Why Organization's Fail

Organization failure begins at the top. Rotary did not stop growing because people were not interested in joining local Rotary clubs. The number of people joining Rotary clubs proves that. It stopped growing because its leaders assumed it was in the business of supplying humanitarian services rather than in the business of creating Rotarians; they were product oriented instead of member oriented.

Red Text Note

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Friday, July 31, 2015

Is Rotary's Social Capital in Decline?

"Social capital provides the glue which facilitates co-operation, exchange, and innovation."
The New Economy: Beyond the Hype.

Rotary International (RI) President Ravi is spot on prioritizing retention rates.  Retention rates are accurate measures of how effective RI and its member clubs are at exchanging social capital and maximizing the Rotary network's collective value.  For Rotary and its member clubs, retained Rotarians are greater assets than new Rotarians. They have longer lifetime values and are membership multipliers, a major advantage because, in Rotary's niche membership market, word-of-mouth and person-to-person networking are Marketing Rotary's most effective protocol.
  Everything Rotary does, from local club initiatives to the worldwide polio eradication project, is accomplished by Rotarians utilizing four paths to exchange social capital: group action, broad identities, reciprocity, and information flow.  For example, Africa, which has not recorded a case of endemic polio for a year, can thank the collective value of the Rotary network's social capital.  In 1985 RI started the worldwide polio eradication initiative through group action, broad identities, and extensive information flow.  Its success has been primarily due to local Rotarians using friendship reciprocity and information flow to jump start eradicating polio from their local social fabrics and exchanging social capital until polio no longer existed.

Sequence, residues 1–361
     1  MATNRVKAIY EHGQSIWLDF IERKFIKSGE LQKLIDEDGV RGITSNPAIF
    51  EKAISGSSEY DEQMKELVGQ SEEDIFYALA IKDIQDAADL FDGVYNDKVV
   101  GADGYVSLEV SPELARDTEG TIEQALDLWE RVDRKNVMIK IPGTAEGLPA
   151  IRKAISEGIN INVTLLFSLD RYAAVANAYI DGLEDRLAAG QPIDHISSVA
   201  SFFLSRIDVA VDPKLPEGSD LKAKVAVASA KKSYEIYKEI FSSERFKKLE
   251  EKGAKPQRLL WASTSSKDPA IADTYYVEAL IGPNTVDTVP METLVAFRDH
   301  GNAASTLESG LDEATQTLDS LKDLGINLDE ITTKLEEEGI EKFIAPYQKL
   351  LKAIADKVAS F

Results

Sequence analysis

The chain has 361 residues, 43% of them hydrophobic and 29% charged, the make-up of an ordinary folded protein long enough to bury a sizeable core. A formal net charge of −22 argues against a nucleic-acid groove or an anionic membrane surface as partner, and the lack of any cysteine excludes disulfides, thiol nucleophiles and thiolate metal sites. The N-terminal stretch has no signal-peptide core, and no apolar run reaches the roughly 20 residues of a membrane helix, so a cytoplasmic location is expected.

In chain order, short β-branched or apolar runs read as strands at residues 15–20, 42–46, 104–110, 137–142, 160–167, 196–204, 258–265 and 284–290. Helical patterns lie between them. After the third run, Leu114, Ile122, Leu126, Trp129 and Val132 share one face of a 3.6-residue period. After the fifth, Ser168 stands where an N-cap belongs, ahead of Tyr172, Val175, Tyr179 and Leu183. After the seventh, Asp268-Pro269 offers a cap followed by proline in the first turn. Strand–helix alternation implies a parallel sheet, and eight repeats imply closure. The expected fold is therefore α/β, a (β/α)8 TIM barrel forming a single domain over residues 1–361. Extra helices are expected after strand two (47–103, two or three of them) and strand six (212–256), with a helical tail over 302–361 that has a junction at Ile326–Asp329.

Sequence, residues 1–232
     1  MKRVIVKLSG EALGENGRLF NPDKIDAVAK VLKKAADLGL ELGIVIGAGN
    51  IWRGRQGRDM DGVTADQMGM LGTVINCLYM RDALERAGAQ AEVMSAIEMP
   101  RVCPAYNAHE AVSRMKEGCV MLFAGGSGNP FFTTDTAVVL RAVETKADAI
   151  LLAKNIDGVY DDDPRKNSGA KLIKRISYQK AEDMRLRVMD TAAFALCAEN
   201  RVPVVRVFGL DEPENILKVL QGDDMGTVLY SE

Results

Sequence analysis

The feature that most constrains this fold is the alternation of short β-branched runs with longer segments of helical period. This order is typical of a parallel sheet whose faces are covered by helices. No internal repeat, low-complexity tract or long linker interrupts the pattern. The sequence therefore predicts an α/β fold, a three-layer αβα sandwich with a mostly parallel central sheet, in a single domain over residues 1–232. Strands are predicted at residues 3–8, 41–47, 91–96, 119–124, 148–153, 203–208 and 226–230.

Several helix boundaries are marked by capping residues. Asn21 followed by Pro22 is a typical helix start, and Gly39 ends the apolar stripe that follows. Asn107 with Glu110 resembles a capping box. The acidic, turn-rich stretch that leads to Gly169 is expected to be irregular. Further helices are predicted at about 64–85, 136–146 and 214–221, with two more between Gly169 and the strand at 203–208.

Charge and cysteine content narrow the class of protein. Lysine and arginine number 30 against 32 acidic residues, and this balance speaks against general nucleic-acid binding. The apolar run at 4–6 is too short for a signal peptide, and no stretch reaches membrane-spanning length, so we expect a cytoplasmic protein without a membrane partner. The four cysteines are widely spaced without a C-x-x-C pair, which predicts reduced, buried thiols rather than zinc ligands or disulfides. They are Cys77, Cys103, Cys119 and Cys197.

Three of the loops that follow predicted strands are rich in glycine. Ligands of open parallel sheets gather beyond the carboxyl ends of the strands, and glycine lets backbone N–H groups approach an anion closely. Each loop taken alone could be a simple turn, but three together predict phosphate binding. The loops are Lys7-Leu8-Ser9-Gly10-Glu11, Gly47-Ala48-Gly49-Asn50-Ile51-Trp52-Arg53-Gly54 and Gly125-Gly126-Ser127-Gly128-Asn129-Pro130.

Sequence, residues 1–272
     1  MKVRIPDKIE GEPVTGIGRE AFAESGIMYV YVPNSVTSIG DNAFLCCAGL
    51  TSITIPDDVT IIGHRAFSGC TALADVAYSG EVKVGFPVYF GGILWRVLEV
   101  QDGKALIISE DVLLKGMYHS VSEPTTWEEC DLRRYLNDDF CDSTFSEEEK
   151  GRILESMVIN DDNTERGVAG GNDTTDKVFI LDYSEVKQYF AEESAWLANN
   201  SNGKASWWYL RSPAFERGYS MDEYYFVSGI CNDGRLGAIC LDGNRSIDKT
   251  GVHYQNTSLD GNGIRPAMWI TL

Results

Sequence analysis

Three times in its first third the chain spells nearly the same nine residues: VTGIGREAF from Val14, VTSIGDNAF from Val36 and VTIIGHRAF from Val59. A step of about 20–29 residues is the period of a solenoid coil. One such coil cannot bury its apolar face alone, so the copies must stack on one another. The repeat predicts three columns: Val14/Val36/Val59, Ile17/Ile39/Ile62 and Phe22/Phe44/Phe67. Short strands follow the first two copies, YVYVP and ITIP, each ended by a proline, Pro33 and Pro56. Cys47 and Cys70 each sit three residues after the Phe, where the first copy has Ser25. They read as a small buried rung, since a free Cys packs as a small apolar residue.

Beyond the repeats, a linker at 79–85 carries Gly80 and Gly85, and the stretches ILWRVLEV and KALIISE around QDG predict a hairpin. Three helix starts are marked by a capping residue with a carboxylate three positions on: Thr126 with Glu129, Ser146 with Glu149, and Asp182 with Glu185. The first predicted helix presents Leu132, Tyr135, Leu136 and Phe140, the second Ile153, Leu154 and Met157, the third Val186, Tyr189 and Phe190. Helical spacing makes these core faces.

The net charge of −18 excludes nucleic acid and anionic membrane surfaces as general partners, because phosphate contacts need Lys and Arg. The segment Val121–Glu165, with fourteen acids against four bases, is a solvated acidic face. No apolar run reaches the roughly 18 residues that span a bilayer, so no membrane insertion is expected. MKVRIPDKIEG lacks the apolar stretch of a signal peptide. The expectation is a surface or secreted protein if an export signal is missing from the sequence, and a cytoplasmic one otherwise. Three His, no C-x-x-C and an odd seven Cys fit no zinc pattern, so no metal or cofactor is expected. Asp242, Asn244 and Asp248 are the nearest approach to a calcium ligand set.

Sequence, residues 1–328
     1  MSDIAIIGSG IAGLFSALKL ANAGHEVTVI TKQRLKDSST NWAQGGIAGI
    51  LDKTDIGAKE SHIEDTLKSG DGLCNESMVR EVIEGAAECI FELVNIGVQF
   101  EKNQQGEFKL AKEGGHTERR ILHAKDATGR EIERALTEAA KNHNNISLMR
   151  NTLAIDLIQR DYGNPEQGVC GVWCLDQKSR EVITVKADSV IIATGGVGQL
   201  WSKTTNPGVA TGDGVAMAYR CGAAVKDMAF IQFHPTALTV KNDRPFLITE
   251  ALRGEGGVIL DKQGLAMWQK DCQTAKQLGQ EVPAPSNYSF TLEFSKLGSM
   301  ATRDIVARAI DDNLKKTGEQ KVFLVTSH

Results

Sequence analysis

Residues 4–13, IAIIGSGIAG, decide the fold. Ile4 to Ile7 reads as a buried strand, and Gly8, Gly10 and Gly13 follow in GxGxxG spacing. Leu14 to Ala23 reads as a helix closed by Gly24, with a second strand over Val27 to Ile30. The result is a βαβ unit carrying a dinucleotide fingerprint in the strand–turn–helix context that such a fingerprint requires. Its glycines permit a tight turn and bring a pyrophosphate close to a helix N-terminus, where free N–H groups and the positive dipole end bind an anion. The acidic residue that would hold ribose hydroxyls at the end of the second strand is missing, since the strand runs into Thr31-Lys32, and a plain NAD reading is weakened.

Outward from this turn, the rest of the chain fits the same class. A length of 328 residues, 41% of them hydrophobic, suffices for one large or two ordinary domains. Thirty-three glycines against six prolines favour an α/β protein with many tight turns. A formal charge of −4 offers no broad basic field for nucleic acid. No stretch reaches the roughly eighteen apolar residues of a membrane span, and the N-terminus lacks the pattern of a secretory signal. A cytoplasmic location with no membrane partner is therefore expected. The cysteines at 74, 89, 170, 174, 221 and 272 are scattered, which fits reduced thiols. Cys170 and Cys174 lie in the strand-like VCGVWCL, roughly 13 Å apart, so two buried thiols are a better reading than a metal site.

1.  RI would like clubs and Rotarians to participate more with Rotary Club Central.  What are the reciprocal benefits i.e. how does the participation improve clubs' and/or Rotarians' social capital and collective value?
     2.  It has been suggested that Rotarians, particularly in North America, commit $1 US a day to The Rotary Foundation (TRF).  What are the reciprocal benefits i.e. how does this improve North American clubs' and/or Rotarians' social capital and collective value?
     3.  RI, as it should, wishes to improve the collective value of the Rotary network.  Its top organizational priority is now membership development.  Is RI being transparent and proactively supporting this ?  Can clubs trust that RI's organizational priority will not change according to the whims of future presidents?

Retention rates and Retention Growth Indexes (RGI) will increase, as will the collective value of the Rotary network, when the exchanges of social capital between RI, its member clubs, and individual Rotarians are beneficial to all concerned.